Monday, November 08, 2004

Movie Review: Finding Neverland

United States/United Kingdom, 2003
U.S. Release Date: 11/12/04
Running Time: 1:40
Rated: PG (mature themes and brief language)
Cast: Johnny Depp, Kate Winslet, Julie Christie, Dustin Hoffman, Freddie Highmore, Radha Mitchell, Luke Spill, Joe Prospero, Nick Roud

Director: Marc Forster
Producer: Nellie Bellflower, Richard N. Gladstein
Screenplay: David Magee, based on the play by Allan Knee
Music: Jan A. P. Kaczmarek
Studio: Miramax Pictures

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Over the past century, J.M. Barrie’s “Peter Pan” has been rehashed on stage, video, and screen a myriad of times. On the other hand, a look at the story behind the author of this magical tale has only been done on stage in Allan Knee’s play, “The Man Who Was Peter Pan.” It wasn’t until Miramax decided that the story of James Barrie and how he was inspired to write his greatest work held just as much cinematic and thematic value as “Peter Pan” itself, that Knee’s play then became a motion-picture. However, a slight hiccup held the film from finding its way into theatres.

Initially slated for a December 2003 release date, Finding Neverland (then titled J.M. Barrie’s Neverland) was a picture set to be in Christmas-season competition with P.J. Hogan’s big-budgeted, live-action version of Peter Pan. Once Miramax realized that the motion-picture market would then contain two entirely different interpretations of Peter Pan and Neverland, Miramax pulled the plug and pushed Finding Neverland back to November 2004. Fortunately, for its impeccable cast and crew, Finding Neverland now doesn’t have The Lord of the Rings to contend with come February. Finding Neverland is one fall film that will be undoubtedly harvesting some early Oscar chatter.

The year is 1904, and playwright James M. Barrie (Johnny Depp) just cannot seem to produce a play that his audiences enjoy. After producing flop, after flop, Barrie knows that he must create a crowd pleaser or face the possible collapse of his career. Consequently, under the financial backing and moral support of Charles Frohman (Dustin Hoffman), an American stage producer, James realizes that for his next play he needs a major muse to elevate him to the level of success.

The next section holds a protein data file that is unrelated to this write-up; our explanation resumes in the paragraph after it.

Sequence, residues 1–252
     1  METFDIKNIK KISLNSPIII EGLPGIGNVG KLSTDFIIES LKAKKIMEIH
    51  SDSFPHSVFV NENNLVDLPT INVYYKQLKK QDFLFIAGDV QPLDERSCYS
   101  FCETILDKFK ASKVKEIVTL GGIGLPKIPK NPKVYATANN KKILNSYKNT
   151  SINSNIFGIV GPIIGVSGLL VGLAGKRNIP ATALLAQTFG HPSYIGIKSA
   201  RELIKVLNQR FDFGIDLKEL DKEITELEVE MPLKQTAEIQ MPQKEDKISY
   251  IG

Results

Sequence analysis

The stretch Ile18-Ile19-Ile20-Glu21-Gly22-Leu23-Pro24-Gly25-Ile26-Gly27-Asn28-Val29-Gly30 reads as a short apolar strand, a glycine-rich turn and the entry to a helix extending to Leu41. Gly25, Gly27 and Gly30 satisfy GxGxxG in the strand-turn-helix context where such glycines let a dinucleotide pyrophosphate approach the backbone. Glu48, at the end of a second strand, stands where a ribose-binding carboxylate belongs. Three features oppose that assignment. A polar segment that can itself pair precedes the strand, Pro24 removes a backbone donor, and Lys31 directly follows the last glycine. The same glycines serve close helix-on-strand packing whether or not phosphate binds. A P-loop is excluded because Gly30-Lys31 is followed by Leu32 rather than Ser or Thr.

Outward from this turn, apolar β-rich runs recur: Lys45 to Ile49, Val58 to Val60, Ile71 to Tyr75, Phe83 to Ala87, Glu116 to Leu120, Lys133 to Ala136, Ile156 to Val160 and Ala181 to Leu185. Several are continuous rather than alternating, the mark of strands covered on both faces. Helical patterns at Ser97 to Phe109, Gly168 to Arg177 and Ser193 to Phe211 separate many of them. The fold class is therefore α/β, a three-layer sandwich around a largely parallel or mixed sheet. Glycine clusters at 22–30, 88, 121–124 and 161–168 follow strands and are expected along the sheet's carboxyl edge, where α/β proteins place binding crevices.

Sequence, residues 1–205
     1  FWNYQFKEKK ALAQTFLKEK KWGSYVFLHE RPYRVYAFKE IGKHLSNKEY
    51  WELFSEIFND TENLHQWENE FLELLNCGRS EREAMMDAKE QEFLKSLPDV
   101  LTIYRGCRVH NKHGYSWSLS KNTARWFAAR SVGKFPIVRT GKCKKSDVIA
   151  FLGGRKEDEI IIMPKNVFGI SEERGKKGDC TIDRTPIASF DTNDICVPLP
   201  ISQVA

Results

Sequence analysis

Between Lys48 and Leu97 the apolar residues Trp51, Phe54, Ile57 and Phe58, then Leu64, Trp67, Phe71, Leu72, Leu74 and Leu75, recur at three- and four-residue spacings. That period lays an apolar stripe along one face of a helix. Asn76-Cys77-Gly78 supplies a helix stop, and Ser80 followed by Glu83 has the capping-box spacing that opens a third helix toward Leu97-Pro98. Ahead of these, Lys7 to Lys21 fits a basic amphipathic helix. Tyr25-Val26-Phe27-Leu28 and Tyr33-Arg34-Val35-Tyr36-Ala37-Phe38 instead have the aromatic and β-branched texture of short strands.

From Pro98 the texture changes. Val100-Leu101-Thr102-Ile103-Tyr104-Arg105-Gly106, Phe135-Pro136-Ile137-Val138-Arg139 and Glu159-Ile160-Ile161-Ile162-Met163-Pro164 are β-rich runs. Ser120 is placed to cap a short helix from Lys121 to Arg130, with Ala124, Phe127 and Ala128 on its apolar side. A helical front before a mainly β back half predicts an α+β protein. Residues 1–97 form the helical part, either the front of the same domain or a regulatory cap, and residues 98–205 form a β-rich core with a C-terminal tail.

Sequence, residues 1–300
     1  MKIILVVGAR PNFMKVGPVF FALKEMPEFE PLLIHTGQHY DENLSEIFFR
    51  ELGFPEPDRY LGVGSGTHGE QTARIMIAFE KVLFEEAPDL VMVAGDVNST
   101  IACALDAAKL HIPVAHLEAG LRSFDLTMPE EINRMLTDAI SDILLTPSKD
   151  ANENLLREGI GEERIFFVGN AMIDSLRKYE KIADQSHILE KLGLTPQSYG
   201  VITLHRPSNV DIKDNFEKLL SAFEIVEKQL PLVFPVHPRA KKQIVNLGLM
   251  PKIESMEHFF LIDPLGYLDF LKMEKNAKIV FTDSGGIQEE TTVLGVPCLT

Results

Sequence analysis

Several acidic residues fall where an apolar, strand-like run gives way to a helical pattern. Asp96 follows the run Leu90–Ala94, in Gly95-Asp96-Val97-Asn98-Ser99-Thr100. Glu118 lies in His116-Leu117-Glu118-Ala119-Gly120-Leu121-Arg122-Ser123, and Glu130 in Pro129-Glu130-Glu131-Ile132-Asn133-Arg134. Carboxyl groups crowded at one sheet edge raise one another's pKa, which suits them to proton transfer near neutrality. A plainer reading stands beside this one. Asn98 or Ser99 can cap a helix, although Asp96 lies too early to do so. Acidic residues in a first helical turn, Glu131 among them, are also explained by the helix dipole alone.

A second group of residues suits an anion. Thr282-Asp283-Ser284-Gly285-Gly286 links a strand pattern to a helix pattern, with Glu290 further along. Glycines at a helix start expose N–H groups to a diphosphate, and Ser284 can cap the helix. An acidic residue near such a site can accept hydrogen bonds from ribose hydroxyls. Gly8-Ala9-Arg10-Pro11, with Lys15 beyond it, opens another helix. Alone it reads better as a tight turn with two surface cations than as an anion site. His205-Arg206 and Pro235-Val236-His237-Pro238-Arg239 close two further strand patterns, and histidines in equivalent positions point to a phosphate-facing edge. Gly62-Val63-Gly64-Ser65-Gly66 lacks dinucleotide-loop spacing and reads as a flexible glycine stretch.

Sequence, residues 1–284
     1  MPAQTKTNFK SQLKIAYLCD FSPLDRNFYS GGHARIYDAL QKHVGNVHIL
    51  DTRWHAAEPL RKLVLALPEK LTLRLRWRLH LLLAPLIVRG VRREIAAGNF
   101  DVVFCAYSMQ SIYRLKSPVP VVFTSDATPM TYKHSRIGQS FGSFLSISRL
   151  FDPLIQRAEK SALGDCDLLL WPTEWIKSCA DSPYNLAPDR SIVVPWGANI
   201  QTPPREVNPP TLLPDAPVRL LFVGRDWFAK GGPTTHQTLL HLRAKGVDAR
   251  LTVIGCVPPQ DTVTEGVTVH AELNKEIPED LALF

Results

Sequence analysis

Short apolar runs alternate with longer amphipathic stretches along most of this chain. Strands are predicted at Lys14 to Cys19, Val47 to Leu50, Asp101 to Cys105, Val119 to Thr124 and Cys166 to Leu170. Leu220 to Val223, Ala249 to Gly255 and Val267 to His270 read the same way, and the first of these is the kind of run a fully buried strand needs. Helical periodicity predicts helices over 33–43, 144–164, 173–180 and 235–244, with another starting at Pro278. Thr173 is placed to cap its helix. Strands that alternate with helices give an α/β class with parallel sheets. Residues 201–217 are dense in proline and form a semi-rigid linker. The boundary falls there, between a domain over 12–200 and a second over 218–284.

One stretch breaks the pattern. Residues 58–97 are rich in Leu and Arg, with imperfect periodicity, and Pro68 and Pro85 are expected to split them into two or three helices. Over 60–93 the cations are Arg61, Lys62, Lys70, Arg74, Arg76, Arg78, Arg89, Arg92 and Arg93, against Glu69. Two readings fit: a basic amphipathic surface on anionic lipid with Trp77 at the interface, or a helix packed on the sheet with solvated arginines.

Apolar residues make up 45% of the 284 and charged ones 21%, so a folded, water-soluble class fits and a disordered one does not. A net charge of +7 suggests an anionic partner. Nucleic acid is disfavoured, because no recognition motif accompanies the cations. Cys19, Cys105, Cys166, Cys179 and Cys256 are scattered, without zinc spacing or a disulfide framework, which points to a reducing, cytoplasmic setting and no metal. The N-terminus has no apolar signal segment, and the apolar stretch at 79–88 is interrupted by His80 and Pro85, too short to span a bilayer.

Searching for inspiration, Barrie meets Sylvia Llewelyn Davies and her intriguing four young boys—Jack, Michael, George, and Peter. Captivated by Sylvia’s children (in a non-perverse way—despite accusations), James begins to spend every waking hour with the Llewelyn Davies family and away from his wife Mary (Radha Mitchell). Disregarding both the angst of his wife and the anxiety of the boys’ grandmother (Julie Christie), James establishes a friendly relationship with all of the children and their mother. James takes a particular interest in the eight-year-old boy named Peter (Freddie Highmore) and starts writing his next play around him and their adventures together.

Due to a few fantastical parallels, it is safe to say that if you enjoyed Big Fish, then Finding Neverland will most likely strike your fancy. It shares a subtle mix of fantasy and reality, and has the potential to hit you emotionally to the point of weeping. Without a doubt, many will walk out of the theatre with their hankies in hand. In fact, if this story, and its faultless blend of an amiable biopic and a mesmeric drama, doesn’t bring you to the brink of welling up – where you can feel your heart turn to mush – then you truly need to be institutionalized.

Johnny Depp, one of Hollywood’s most talented and versatile actors, takes hold of his character with unbridled assurance; his Scottish accent is right on the money. As for Winslet, she pours on the emotion—making Sylvia her second noteworthy role this year, alongside her portrayal as Clementine in Eternal Sunshine of the Spotless Mind. Dustin Hoffman (who ironically played Captain Hook in the "Peter Pan" adaptation, Hook) also adds his droll yet distinguished role of Charles that provides an ideal amount of comic relief. However, none of these main players match the single-most significant performance of the film from twelve-year-old Freddie Highmore. Freddie’s portrayal as Peter is one that will surely stay with you for a lifetime; the audacity and emotion that this young boy exhibits will certainly cause you to, at the least, shed a tear. Highmore is unquestionably the highlight actor of the film--not to demean any of the other actor’s praiseworthy presentations.

In addition to an impeccable cast, the direction, screenplay, cinematography, and score all deserve accreditation. Forster does a noble job in both following up his superb direction of 2001’s Monster’s Ball and displaying his capabilities behind the camera. Also, David Magee, a first time screenwriter, composes a beguiling gem of a script—proving that sometimes a freshman can be a breath of fresh air. Also, Roberto Schaefer’s intoxicating cinematography and Jan A. P. Kaczmarek’s stimulating score each garner respect in their own right. To date, it is entirely feasible to assume that Finding Neverland has the capability to clean house as far as nominations go.

Finding Neverland is truly a terrific film that has the power to both wet your tear ducts and whet your appetite for the Academy Awards. It is a picture that you can get lost in; a picture that will make you cry, smile, and laugh; a picture about love, compassion, and the importance of youth; and a picture that is creative, endearing, lush, and uplifting. To be able to find all of these attributes in a single picture, easily makes Finding Neverland my frontrunner for film of the year. (**** out ****)

© Copyright Brandon Valentine 2004